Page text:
Protection of Direct-Current Systems
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The overwhelming advancement in power electronics converters throughout the past few decades is leading to an increasing interest in the integration of Direct-Current (DC) systems to the existing AC ones on the generation, Low Voltage DC (LVDC), Medium Voltage DC (MVDC), and High Voltage DC (HVDC) levels. The utilization of DC systems offer many benefits over their AC counterparts such as the significant reduction in power losses and costs as well as the minimization of reactive current component. Nevertheless, DC systems still face many challenges among which protection is the most salient. This dissertation investigates and addresses the protection challenges posed by DC faults’ behaviour in five DC systems. On the generation level, it explores the nature of various faults and partial shading conditions in utility-scale Photovoltaic (PV) arrays. The unique PV modules’ voltage behaviour during faults and partial shading conditions is scrutinized to identify distinctive characteristics. These voltage features are utilized to propose a new time-domain voltage-based protection scheme. The proposed scheme’s underlying concepts are analytically proved for generic PV modules, validated using detailed time-domain model of PV panels, and verified experimentally using polycrystalline-silicon panels. On the LVDC level, the dissertation examines the behaviour of low- and high-resistance faults. The analysis are founded upon a detailed time-domain simulation of a meshed LVDC microgrid. The failure of conventional protection methods in the presence of even small amounts of fault resistance are demonstrated. An effective method is proposed to detect such faults by using the resonance frequency generated from passive oscillators installed on the line terminals. The protection of MVDC microgrids is a major challenge as very high fault current magnitudes are attained within a couple of milliseconds. This dissertation reveals unique fault-launched Travelling wave (TW) waveform and polarity properties. These properties are exploited to propose an adequate time-domain TW-based protection scheme that detects, classifies, and locates DC faults in a timely manner. The impediments to reliable protection of hybrid AC/DC microgrids are twofold: (i) the very low AC fault current magnitudes in the AC-side due to the current control capability of inverter-based Distributed Generation (DG)s, and (ii) the very high DC fault current magnitudes attained within few milliseconds in the DC-side due to the uncontrollable discharge of the converters’ DC link capacitors. A unified discriminant function TW-based protection scheme is proposed for hybrid AC/DC microgrids to detect, classify, and locate both AC and DC faults. DC faults in HVDC grids can cause severe damage to the converter stations and large loss of infeed within few milliseconds. Ensuring selectivity and sensitivity of the protection system within a short time window is a major challenge. This dissertation analyze the frequency spectra of the TWs initiated by faults on HVDC grids. Using the spectral content and polarity of the current TWs, a novel frequency-domain TW-based scheme is proposed to detect and locate faults within the required timeframe.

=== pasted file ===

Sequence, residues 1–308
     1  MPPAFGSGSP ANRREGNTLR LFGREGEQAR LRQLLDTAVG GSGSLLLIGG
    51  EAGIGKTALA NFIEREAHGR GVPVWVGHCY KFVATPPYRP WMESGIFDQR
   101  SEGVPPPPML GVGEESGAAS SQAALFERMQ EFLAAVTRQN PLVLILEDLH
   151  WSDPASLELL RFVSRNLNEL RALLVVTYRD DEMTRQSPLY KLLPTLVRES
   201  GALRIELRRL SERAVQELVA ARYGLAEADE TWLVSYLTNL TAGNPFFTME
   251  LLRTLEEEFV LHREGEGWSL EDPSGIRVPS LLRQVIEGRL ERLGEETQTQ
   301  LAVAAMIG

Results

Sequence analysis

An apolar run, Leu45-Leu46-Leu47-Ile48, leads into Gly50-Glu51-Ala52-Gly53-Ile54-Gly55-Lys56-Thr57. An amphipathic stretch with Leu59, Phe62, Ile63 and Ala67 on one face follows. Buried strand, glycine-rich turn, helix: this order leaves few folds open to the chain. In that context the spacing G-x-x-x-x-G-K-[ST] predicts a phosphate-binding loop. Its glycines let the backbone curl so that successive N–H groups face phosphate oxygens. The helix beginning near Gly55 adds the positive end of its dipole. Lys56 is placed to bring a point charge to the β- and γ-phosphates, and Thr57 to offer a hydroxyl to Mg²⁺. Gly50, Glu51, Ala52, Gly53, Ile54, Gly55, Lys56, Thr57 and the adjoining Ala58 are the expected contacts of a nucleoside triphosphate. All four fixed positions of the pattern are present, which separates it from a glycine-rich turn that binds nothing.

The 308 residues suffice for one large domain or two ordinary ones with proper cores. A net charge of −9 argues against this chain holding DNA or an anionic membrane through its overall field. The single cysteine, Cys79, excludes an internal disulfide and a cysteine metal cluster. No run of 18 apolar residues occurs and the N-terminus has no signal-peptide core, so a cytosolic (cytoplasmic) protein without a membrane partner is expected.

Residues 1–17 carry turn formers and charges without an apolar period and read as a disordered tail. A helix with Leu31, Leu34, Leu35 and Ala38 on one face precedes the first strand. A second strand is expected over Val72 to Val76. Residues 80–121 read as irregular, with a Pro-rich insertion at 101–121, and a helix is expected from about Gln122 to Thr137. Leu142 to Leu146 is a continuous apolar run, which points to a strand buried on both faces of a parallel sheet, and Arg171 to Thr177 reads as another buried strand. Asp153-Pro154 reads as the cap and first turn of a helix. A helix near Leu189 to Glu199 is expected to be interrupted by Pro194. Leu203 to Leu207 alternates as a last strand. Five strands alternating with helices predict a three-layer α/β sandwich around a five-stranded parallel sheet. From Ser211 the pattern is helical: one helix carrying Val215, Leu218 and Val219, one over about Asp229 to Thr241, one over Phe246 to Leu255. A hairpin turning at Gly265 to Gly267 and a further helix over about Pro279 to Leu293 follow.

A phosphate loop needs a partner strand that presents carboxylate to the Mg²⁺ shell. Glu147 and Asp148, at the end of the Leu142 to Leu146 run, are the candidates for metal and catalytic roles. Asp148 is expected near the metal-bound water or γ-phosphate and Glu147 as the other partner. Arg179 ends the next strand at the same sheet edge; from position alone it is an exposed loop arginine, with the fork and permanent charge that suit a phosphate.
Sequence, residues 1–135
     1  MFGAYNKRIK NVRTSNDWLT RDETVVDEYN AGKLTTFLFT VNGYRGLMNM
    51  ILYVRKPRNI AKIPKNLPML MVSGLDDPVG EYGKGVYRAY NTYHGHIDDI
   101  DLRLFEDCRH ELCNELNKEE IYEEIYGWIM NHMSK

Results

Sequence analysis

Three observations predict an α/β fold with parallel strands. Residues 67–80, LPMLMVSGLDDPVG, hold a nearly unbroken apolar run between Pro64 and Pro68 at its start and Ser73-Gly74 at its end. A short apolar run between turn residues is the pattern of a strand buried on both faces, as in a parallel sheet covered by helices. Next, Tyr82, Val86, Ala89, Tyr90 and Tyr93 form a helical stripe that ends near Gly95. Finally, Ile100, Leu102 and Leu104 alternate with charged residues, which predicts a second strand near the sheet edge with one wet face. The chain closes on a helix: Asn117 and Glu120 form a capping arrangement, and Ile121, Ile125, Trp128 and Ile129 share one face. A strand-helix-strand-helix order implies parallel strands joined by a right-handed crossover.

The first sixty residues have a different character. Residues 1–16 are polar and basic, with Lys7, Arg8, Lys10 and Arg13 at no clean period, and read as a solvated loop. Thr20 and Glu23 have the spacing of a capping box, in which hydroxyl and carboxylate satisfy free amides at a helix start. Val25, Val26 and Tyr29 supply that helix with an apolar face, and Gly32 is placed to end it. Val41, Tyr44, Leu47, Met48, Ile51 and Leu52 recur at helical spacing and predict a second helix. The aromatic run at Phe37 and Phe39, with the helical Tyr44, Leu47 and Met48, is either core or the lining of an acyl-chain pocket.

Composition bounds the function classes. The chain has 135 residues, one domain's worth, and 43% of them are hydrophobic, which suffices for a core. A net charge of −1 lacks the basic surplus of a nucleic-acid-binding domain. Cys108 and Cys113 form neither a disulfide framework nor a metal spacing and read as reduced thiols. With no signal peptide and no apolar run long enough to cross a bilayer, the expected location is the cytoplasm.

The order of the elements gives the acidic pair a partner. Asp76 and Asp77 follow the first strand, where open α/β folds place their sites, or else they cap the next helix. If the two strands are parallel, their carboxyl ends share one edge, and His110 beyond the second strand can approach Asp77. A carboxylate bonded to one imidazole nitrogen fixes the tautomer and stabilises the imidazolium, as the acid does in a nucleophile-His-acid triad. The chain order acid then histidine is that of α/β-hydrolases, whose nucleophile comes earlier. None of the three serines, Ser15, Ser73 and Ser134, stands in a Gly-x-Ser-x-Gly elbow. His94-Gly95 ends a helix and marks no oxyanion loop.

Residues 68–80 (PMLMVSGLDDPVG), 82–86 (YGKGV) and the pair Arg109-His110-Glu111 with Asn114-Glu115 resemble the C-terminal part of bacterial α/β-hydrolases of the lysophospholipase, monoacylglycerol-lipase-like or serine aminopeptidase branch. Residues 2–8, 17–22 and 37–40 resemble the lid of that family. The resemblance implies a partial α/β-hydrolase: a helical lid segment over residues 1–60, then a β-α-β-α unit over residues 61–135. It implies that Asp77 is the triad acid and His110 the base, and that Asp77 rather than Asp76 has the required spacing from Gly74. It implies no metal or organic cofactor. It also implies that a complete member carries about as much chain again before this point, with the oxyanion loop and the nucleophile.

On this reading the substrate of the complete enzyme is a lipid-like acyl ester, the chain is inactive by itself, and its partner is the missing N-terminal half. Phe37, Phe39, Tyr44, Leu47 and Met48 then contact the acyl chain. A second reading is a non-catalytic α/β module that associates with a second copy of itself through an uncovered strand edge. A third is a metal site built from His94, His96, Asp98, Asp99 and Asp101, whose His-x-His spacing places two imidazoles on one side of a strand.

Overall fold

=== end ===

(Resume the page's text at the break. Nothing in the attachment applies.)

Cite this version of the work
Khaled Saleh (2017). Protection of Direct-Current Systems. UWSpace. http://hdl.handle.net/10012/12601